Median time from treatment to TOC1 was 8 (7–12) days. Persistence after treatment was observed in 36/781 cases (4.6%). In bivariable analysis, variables that were associated with persistence at p≤0.10 were history of sex work (OR 2.71, 95% CI 1.00 to 7.35), combination of ceftriaxone and other antibiotics as treatment regimen (vs ceftriaxone as monotherapy, OR 0.29, 95% CI 0.10 to 0.84) and time from treatment to TOC1 (OR 0.72, 95% CI 0.59 to 0.89, per extra day) (table 1).
In the multivariable model, persistence was less likely in those who were treated with combination of ceftriaxone and other antibiotics (aOR 0.36, 95% CI 0.12 to 1.04) and in those with a longer time from treatment to TOC1 (aOR 0.74, 95% CI 0.60 to 0.90, per extra day) (table 1).
Among 36 patients with persistence at TOC1, 15 returned for TOC2 (among which four received additional ceftriaxone between TOC1 and TOC2), whereas 21 were lost to follow-up. At TOC2, infection was cleared in 14 and had persisted in one case.
Antibiograms of isolates prior to first treatment were available for 149/781 patients. The median and range of MIC against ceftriaxone did not differ between 128 cases that had cleared the infection at TOC1 (0.004 (0.002–0.125) mg/L) and the 21 cases that persisted (0.004 (0.002–0.047) mg/L). The case that persisted at TOC2 was susceptible to ceftriaxone (MIC of 0.023 mg/L).
We reported pharyngeal gonorrhoea cases that persisted despite appropriate treatment. The proportion of persisted cases was smaller compared with previous studies.1 4 5 7 8 Ceftriaxone monotherapy seems to remain effective to treat pharyngeal Ng, as suggested.2 7 8 Yet, combining ceftriaxone with another antibiotic appears to lead to faster clearance.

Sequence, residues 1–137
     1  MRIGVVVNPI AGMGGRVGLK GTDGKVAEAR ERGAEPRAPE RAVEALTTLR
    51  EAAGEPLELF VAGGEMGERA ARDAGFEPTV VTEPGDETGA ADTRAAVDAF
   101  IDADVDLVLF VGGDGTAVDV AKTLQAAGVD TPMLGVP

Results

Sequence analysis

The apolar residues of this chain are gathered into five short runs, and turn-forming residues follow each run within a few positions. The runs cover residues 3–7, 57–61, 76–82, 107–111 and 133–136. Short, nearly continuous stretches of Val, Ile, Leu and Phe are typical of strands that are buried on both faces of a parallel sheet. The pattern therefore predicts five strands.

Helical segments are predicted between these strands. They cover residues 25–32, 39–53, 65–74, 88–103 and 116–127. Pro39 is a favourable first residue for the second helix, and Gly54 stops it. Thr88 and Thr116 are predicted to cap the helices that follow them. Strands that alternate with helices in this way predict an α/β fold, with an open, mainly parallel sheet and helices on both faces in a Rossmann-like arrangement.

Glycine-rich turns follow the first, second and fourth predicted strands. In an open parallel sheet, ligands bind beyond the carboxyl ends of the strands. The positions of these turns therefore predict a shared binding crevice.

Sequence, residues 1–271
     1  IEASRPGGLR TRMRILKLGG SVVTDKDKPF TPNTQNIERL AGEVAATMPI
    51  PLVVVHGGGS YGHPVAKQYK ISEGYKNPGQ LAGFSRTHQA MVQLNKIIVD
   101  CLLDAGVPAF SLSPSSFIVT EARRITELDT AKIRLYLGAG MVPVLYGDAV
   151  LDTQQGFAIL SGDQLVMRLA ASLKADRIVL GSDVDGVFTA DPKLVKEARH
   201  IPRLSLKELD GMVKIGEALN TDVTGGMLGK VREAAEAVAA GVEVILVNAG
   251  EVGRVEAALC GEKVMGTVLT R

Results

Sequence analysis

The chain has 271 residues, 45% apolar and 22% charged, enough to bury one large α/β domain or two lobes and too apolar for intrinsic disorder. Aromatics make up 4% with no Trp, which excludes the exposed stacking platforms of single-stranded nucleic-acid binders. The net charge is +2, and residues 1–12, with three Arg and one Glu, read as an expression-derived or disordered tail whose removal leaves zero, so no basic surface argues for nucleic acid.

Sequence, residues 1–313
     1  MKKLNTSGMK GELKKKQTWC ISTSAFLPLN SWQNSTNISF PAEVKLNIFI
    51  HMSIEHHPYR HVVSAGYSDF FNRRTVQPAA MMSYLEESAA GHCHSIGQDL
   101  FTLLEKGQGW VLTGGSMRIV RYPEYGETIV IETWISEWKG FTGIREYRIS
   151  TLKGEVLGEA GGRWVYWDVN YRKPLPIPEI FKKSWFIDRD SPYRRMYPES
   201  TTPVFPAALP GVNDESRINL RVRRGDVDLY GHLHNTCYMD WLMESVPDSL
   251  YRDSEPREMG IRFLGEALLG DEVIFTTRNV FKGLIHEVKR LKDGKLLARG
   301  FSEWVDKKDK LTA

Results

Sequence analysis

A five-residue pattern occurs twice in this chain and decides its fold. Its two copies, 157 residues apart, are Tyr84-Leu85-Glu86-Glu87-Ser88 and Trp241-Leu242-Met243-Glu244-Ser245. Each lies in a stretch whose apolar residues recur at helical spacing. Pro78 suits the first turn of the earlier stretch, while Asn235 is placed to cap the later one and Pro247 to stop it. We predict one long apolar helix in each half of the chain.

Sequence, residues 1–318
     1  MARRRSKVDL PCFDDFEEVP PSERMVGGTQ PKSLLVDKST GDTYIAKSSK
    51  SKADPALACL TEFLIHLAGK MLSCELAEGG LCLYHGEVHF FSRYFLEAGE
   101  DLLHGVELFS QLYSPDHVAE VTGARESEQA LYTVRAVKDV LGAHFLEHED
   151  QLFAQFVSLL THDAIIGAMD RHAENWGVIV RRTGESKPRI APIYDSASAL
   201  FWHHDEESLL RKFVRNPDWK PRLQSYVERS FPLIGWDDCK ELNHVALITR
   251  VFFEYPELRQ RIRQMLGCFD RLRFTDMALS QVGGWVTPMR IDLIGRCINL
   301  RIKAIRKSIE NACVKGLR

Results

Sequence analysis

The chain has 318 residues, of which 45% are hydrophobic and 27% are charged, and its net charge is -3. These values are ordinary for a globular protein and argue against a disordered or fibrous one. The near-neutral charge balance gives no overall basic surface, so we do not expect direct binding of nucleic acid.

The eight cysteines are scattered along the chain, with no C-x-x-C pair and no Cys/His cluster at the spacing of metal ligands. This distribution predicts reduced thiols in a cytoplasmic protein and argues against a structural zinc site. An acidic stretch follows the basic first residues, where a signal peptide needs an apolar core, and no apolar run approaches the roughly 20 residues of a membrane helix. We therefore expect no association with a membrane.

Adequate timing that allows complete clearance with minimum chance for re-exposure is crucial in pharyngeal Ng TOC. The rate of clearance may be influenced by infection site, diagnostic standard and treatment regimen.1 4–10 We found that the time to clearance of pharyngeal Ng RNA after appropriate treatment is relatively short.4 5 7 8 A time-dependent effect of ceftriaxone might be explained by its pharmacodynamic properties.9 The recommended timing for pharyngeal Ng TOC using NAAT varies from 7 to 30 days after treatment,4–8 but our study showed that TOC 7 days after treatment may be too soon.
Antimicrobial resistance is an unlikely explanation for persistent pharyngeal Ng in our study: isolates of cleared and persisting cases showed a similar distribution of MIC against ceftriaxone, and none was resistant.